Borehole fencing plays a vital role in ensuring the safety, security, and sustainability of water sources in rural Africa. It helps maintain water quality, prevents contamination, facilitates maintenance, promotes community ownership, and contributes to better health and hygiene standards. For this reason, we are fencing all of our 106 community boreholes in Eastern Province, Zambia… Read the full article >
Milestone: Togo Safe Water Project goes into first Annual Monitoring
In April last year, we at Co2balance, together with our in-country partners, began the process of rehabilitating broken boreholes in communities in Togo, starting from Keve District.
Relishing our impact! – Gambia Safe Water Annual Monitoring
Nothing beats the feeling of seeing your projects yield measurable positive results in the people’s lives! The knowledge of impacting society is refreshing, and the personal joy and fulfilment is indescribable.
COPs aren’t just for climate change!
With not much obvious change happening within the voluntary carbon market as a result of the UN Framework Convention on Climate Change COP27 in November, attention has turned to the UN Convention on Biological Diversity COP15, currently taking place in Montreal, Canada. This COP has been dubbed the ‘Paris moment for nature’. Following on from… Read the full article >
Qatar 2022 World Cup, climate action and the sustainability drive
Did you know that the FIFA World Cup in 2018 was in part offset through CO2balance?
Hello there! I am Prince, I just joined CO2balance and I would like to share a little bit about myself. Just who am I? I am Ghanaian, a true pan-African, a person passionate about African development and making the world at large a better place. I am not limited by boundaries; I don’t like to… Read the full article >
Successful improved cookstove distribution ongoing in Kayonza District, Rwanda!
CO2balance in collaboration with our excellant long-term partner, Rwanda for Peace and Prosperity, are distributing 70,000 improved Canarumwe cookstoves in the Kayonza District, Rwanda.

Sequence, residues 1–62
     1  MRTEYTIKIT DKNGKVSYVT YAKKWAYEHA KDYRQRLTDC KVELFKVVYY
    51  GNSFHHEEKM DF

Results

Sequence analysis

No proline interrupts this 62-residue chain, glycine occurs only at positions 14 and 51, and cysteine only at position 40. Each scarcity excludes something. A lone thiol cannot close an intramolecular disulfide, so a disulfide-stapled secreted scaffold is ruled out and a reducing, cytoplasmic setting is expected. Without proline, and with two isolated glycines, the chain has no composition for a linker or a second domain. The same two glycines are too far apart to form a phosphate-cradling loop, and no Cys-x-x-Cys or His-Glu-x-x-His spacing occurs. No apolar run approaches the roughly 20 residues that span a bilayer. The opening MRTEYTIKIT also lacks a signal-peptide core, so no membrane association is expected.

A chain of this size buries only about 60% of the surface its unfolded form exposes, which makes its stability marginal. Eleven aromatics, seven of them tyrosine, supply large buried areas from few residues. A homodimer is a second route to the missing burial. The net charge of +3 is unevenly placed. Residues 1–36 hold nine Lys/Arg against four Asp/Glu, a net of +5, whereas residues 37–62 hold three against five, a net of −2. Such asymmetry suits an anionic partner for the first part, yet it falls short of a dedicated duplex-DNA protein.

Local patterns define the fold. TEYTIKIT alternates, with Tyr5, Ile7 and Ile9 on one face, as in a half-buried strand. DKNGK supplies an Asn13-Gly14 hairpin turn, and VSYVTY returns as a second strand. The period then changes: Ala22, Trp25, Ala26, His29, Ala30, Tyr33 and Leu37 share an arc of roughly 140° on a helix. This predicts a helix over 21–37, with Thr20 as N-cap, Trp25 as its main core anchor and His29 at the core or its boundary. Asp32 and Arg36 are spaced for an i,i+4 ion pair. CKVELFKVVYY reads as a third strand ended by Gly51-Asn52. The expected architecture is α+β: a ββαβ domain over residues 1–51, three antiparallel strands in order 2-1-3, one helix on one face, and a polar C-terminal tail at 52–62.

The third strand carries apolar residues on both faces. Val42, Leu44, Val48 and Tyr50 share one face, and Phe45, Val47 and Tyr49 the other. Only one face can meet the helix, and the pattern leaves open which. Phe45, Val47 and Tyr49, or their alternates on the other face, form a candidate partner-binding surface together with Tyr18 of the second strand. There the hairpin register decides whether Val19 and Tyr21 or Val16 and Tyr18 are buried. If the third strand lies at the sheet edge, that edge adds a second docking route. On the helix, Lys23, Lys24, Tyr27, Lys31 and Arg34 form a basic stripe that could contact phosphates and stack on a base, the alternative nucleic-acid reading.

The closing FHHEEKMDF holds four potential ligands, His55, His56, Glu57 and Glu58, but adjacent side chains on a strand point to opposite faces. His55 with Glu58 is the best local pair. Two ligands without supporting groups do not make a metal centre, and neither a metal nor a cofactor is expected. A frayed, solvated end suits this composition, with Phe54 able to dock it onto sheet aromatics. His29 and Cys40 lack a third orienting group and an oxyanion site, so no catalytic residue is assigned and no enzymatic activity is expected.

Solar Piped Water Systems: the future of rural water provision?
For decades the humble traditional borehole and handpump has been the staple option for rural water supply in much of sub-saharan Africa. Situated in the centre of a single community, these hand pumps can usually only serve around 300-400 people. But in the last 20 years or so, and certainly in the last 10 years,… Read the full article >
Hello, I’m Stephen and I’ve just joined CObBalance as a Carbon Project Officer. I’m looking forward to getting stuck into the great work of the organization and to help deliver projects in Africa and beyond. Having completed my undergraduate Economics degree at the University of Sheffield I struggled to know what I wanted to do… Read the full article >
Kilifi Community Mangrove Project Underway
Globally, mangrove deforestation occurs at a rate of 0.17% per year. This equates to roughly 24 million tonnes of CO2 lost to the atmosphere each year. To compare, Myanmar’s annual emissions are of a similar scale. Mangrove ecosystems are hugely beneficial both in terms of carbon storage and the ecosystem services they provide. Mangroves provide… Read the full article >
Eritreans have a new name for Cookstoves: the ‘Saviour Stove’
Desey is a 47-year-old grandmother who lives out in the Eritrean desert, south of the capital city Asmara. It is a forbidding landscape of rock and mountain, which has been almost completely deforested. Desey and her family were forced to buy firewood everyday, simply to cook and feed herself and her family, spending a lot… Read the full article >
Giving Power to Rural Women
With the support of Australian High Commission in Kenya in the 2015 Carbon Zero Kenya partnered with a women group (Umeme women group) in Western Kenya in Kisumu West to produce 900 cook stoves and sell them within the community. The women were empowered with skills in stove production and marketing. The aim of the… Read the full article >
Counting the Cost
Human life requires cooking, which means having access to fuel. Most families across the globe especially in developing nations depend on traditional stoves for cooking. These stoves emit a huge amount of smoke that affects the families. For anyone who relies on an open fire to cook daily meals, the need for fuel rivals that for… Read the full article >
According to WHO indoor smoke from coal, wood or dung – used as cooking fuel by more than 3 billion people worldwide – ranks ahead of unsafe water as a cause of death in low- and middle-income countries. Almost 2 million deaths a year are caused by cooking smoke, which is linked to pneumonia in… Read the full article >
Not Just About Cooking!!!!
Cooking on a three stone stove is the cheapest way to prepare food in many parts of the world. This is because to assemble a three stone stove you only require three suitable stones of the same height on which a cooking pot is balanced over a fire. That’s how cheap the stove is. This… Read the full article >